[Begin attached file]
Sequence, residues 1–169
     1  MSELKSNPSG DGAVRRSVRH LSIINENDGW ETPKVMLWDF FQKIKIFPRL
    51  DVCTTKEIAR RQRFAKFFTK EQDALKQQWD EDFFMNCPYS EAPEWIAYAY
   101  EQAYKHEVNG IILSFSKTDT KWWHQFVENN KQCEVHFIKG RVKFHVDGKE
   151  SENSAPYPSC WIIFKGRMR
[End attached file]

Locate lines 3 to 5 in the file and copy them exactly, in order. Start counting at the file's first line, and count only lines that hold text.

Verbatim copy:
    51  DVCTTKEIAR RQRFAKFFTK EQDALKQQWD EDFFMNCPYS EAPEWIAYAY
   101  EQAYKHEVNG IILSFSKTDT KWWHQFVENN KQCEVHFIKG RVKFHVDGKE
   151  SENSAPYPSC WIIFKGRMR